Local Regulation of Guns

Can Durham ban the possession or sale of assault rifles? In the wake of the massacre at Sandy Hook Elementary School, I have been asked several times whether gun regulations may be implemented at the local level.

Generally. Generally, the answer is no. Under G.S. 14-409.40, “the regulation of firearms is properly an issue of general, statewide concern, and . . . the entire field of regulation of firearms is preempted from regulation by local governments,” with limited exceptions. Therefore, Wilmington can’t prohibit gun shows, Boone can’t enact a gun purchase waiting period, and Greensboro can’t limit the number of firearms in a single household. North Carolina has had preemption since 1996. See S.L. 1995-727. Interestingly, the preemption bill that was initially introduced applied only to handguns. It was subsequently amended to provide for preemption as to all firearms.

Exceptions. The statute contains several exceptions, including:

  • Discharge and display regulations. Counties may regulate the discharge of guns (except for hunting and in self-defense) and the display of guns on the public roads, sidewalks and other public property. G.S. 153A-129. Cities may regulate the discharge of guns (except in self-defense) and the display of guns on the public roads, sidewalks and other public property. G.S. 160A-189.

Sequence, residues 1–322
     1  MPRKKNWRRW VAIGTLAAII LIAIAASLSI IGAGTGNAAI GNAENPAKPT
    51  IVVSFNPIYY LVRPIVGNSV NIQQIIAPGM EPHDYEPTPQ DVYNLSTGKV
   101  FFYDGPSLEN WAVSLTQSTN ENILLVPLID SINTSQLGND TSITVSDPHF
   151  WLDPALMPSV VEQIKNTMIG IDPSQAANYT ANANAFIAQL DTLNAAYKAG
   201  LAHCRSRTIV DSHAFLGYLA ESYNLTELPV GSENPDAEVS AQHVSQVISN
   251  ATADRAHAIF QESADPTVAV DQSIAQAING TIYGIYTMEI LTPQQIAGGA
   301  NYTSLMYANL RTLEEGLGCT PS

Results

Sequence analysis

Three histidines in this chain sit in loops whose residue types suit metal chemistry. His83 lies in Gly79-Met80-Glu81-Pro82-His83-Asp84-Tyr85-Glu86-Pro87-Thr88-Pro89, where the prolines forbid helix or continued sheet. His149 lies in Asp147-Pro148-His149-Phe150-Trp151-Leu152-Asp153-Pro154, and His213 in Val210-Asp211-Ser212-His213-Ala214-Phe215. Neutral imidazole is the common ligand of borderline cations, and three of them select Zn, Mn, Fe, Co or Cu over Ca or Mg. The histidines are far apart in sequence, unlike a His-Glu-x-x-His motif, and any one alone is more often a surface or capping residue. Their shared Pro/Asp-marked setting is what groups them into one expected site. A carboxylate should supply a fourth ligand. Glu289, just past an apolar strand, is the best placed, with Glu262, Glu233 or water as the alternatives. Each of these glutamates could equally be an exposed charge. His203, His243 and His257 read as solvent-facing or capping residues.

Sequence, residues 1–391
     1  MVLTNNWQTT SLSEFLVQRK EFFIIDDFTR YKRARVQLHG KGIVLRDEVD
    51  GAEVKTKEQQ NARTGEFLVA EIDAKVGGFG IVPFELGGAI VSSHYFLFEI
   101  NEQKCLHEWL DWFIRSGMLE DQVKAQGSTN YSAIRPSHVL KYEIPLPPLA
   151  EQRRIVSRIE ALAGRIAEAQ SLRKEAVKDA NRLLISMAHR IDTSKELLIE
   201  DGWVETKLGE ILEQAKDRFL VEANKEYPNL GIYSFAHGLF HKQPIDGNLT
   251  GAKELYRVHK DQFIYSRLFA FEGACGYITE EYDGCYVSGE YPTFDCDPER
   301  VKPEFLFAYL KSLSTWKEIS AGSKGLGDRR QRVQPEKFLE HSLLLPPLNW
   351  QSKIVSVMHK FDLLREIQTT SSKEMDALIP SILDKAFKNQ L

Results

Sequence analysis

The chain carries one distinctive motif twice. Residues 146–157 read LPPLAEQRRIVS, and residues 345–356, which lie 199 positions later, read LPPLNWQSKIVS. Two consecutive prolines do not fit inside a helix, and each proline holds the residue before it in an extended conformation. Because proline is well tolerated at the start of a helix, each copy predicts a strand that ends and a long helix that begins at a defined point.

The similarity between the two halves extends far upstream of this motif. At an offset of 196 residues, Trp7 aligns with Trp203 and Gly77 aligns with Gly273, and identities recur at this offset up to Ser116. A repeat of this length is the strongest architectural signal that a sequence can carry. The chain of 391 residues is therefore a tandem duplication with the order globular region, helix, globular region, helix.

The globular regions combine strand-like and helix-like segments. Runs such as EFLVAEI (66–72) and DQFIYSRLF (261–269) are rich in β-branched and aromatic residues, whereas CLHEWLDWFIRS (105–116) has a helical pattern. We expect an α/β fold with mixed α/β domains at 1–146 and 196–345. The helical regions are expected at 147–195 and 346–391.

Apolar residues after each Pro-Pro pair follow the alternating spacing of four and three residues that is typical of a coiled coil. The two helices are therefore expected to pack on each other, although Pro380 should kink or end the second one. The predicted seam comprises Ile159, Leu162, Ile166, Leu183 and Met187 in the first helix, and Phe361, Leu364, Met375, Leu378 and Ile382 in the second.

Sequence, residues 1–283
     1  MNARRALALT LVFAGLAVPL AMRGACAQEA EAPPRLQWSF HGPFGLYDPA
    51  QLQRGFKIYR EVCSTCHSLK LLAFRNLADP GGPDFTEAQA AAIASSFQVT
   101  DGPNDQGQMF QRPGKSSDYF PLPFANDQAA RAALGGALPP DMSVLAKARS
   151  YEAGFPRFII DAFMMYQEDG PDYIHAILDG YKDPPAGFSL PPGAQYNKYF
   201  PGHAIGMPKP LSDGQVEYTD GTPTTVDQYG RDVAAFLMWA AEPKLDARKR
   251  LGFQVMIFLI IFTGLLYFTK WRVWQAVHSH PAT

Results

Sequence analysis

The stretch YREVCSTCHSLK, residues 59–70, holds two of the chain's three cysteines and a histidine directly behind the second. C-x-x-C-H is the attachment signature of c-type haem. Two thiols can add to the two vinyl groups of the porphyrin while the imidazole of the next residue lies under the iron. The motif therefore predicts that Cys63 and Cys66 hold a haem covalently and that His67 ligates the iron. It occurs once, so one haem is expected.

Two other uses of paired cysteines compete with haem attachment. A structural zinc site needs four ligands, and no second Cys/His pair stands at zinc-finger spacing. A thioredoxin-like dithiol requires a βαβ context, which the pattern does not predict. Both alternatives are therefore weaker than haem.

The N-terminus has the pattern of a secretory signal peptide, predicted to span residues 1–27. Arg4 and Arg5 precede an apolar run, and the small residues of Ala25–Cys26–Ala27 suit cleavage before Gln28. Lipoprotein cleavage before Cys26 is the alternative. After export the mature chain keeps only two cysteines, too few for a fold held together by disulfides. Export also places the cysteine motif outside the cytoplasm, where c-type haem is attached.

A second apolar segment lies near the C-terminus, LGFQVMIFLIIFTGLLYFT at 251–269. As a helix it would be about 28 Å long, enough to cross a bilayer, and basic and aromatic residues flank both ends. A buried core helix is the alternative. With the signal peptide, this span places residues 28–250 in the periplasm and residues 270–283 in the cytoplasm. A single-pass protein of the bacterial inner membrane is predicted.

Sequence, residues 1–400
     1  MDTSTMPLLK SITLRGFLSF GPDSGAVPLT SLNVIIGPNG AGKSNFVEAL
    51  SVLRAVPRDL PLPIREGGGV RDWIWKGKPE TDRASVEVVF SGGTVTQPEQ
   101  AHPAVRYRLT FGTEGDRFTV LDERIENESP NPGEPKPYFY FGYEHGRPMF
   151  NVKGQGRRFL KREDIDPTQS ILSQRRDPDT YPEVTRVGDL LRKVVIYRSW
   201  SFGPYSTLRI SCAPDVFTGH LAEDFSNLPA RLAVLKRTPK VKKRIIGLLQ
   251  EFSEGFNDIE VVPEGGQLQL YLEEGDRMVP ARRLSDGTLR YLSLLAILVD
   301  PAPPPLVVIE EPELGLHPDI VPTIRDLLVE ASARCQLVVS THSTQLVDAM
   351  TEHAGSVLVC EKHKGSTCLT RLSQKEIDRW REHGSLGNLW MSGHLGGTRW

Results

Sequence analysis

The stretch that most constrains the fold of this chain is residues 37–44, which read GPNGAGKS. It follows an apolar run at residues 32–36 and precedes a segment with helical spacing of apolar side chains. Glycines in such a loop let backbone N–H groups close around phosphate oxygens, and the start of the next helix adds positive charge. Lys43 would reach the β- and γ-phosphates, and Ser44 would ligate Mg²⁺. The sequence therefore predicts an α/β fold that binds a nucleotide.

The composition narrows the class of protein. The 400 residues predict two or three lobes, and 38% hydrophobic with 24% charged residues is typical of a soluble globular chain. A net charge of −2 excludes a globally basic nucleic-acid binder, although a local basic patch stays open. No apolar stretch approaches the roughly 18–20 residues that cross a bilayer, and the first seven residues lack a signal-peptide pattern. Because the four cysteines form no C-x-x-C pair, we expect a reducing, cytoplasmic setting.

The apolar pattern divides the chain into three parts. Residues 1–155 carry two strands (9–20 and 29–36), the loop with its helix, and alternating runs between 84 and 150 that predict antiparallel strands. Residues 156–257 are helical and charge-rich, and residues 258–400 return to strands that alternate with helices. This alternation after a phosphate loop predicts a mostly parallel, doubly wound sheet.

• Regulations regarding local government property. Cities and counties may, by adopting an ordinance and posting signs, prohibit the concealed carrying of guns in local government buildings and on their appurtenant premises, and at certain recreational facilities.

Other States. Most, but not all, other states also have state preemption of local gun regulation. According to the NRA, only Hawai’i, Illinois, and Nebraska do not have preemption by statute or case law. The extent of preemption appears to vary by state, however. The table on pages xi and xii of this Bureau of Alcohol, Tobacco and Firearms publication summarizes the preemption laws of each state. The Wikipedia entry on state gun laws provides additional information about other states’ preemption rules.

Federal Preemption. Although the federal government regulates guns extensively, federal law does not preempt state regulation. Indeed, 18 U.S.C. § 927 expressly states that “[n]o provision of [the federal gun laws] shall be construed as indicating an intent on the part of the Congress to occupy the field in which such provision operates to the exclusion of the law of any State on the same subject matter, unless there is a direct and positive conflict between such provision and the law of the State.” Of course, state gun regulations must not violate the Second Amendment, which the Supreme Court has recently ruled constrains state and local governments as well as the federal government. McDonald v. Chicago, __ U.S. __, 130 S.Ct. 3020 (2010) (“We therefore hold that the Due Process Clause of the Fourteenth Amendment incorporates the Second Amendment right recognized in [District of Columbia v. Heller, 554 U.S. 571 (2008)].”)